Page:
The (social) science of compost toilets

This weekend, TMS sent me off to Black Mountains College in Wales for a short course on building compost toilets. The community garden at Margate has been developed over the last year or so, and the aim now is to experiment with better ways to manage waste.

Black Mountains College has a very similar grassroots approach to setting up an educational institution to The Margate School, though with regenerative environmental practice taking precedence. The Margate School is an art school founded by a sociologist, and BMC is a horticultural and environmental management school co-founded by artists. In other words, everything interesting and progressive that I’ve experienced this year has come out of the breakdown of disciplinary siloes and boundaries. One of the students I met is old friends with Maz who coordinates the programmes at TMS – so they seem to attract a similar type of person too!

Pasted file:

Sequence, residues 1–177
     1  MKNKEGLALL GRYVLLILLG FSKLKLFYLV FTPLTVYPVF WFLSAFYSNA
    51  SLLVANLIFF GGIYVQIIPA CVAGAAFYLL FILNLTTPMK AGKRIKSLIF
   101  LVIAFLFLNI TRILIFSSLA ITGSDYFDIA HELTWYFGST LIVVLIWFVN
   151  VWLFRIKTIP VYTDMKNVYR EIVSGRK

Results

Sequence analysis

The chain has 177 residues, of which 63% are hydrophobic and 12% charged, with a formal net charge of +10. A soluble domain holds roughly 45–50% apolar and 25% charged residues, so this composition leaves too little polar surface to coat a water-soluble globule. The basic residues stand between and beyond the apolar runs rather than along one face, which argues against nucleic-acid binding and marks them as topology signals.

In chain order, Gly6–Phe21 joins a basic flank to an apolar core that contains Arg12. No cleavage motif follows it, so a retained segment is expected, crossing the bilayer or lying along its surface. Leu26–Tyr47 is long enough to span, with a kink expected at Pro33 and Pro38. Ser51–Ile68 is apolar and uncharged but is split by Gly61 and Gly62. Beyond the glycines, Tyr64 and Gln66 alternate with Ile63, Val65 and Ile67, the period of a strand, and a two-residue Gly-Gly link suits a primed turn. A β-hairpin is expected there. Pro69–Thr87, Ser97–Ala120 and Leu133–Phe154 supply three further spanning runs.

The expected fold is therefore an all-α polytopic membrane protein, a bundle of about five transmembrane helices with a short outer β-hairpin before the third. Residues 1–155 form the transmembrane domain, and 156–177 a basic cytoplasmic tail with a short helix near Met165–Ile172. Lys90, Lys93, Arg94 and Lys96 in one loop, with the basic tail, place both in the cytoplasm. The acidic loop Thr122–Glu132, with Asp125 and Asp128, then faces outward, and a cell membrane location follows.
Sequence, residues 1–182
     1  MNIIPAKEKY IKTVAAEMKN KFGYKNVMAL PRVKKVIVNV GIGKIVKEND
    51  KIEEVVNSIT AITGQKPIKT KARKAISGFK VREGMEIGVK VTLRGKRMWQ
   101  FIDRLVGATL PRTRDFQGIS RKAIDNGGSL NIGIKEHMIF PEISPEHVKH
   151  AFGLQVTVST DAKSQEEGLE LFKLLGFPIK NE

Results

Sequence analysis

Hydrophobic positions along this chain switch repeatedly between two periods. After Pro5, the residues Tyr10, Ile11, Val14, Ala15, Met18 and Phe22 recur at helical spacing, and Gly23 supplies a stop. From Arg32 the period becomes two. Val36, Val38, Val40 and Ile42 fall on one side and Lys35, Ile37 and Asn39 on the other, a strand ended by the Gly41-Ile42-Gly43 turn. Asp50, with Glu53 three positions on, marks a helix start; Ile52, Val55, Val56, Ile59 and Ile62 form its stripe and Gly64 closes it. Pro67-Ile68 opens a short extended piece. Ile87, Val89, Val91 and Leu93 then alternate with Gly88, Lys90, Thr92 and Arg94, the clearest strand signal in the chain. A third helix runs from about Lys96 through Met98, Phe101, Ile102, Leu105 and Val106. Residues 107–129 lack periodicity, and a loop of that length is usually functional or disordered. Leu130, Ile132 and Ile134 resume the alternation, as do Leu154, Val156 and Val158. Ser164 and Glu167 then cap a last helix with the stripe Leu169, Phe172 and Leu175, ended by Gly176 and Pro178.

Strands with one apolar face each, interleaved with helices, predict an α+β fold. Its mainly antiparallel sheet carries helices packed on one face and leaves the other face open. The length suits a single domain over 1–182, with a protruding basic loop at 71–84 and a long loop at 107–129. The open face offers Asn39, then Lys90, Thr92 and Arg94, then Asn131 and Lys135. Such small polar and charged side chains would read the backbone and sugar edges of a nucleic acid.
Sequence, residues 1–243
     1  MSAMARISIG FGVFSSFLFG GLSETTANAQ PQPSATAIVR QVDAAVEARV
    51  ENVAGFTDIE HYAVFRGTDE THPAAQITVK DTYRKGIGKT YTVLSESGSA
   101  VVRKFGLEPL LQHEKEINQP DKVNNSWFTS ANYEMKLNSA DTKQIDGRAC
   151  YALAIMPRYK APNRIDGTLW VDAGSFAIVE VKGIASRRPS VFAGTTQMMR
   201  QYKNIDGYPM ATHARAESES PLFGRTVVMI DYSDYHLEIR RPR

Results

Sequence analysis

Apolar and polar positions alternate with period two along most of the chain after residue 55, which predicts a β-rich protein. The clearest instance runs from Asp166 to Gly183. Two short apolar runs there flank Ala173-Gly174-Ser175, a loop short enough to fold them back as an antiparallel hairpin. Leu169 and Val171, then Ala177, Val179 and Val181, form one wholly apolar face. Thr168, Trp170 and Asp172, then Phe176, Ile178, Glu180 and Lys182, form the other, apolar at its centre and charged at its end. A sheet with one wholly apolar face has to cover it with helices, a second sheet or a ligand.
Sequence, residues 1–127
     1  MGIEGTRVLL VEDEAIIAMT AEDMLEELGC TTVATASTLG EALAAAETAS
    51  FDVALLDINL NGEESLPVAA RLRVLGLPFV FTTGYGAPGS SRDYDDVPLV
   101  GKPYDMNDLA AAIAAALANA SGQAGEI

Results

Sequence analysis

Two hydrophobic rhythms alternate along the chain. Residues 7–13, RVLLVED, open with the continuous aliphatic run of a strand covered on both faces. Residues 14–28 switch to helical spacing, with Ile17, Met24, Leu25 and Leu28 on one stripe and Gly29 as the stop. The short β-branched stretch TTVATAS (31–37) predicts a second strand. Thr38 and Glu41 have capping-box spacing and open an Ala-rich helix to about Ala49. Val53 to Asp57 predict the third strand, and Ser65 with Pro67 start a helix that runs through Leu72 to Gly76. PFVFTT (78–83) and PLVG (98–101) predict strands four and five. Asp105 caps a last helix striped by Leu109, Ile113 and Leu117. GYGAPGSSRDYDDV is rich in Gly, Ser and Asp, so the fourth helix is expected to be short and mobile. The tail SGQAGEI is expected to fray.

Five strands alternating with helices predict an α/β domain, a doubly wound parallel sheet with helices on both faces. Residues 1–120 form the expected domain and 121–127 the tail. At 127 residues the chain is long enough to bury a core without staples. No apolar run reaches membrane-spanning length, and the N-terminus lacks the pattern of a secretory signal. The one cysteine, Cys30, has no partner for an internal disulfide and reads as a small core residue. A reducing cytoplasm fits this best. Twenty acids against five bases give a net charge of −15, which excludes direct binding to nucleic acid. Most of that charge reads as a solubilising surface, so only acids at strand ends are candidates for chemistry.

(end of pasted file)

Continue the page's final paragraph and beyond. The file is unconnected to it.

The course was run by Richard Luff (pictured below), an international public health engineer who has developed waste systems for refugee camps and disaster areas around the world. As well as the more spatial and construction-focused elements, we learned about the science of waste management (chemistry and engineering), particularly in the context of current issues of water pollution and water poverty. I had to do maths, which is not a strength of mine! We also discussed the history of waste and cultural relationships to it as part of the development of technologies on various scales.

I’ve come away with a lot of ideas and a sense of challenges we will have within the very limited space of the community garden. I will shortly be putting together a team for planning and building, but want to use this project as a teaching opportunity too, so we’ll see how this develops in the next few weeks.